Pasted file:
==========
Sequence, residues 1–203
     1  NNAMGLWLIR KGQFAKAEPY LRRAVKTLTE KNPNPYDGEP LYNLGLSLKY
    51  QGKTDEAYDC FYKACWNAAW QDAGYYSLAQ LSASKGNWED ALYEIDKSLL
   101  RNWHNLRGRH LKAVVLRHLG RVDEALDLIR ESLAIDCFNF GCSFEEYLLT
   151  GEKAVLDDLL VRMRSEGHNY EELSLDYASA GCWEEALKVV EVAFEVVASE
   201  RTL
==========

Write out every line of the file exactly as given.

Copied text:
Sequence, residues 1–203
     1  NNAMGLWLIR KGQFAKAEPY LRRAVKTLTE KNPNPYDGEP LYNLGLSLKY
    51  QGKTDEAYDC FYKACWNAAW QDAGYYSLAQ LSASKGNWED ALYEIDKSLL
   101  RNWHNLRGRH LKAVVLRHLG RVDEALDLIR ESLAIDCFNF GCSFEEYLLT
   151  GEKAVLDDLL VRMRSEGHNY EELSLDYASA GCWEEALKVV EVAFEVVASE
   201  RTL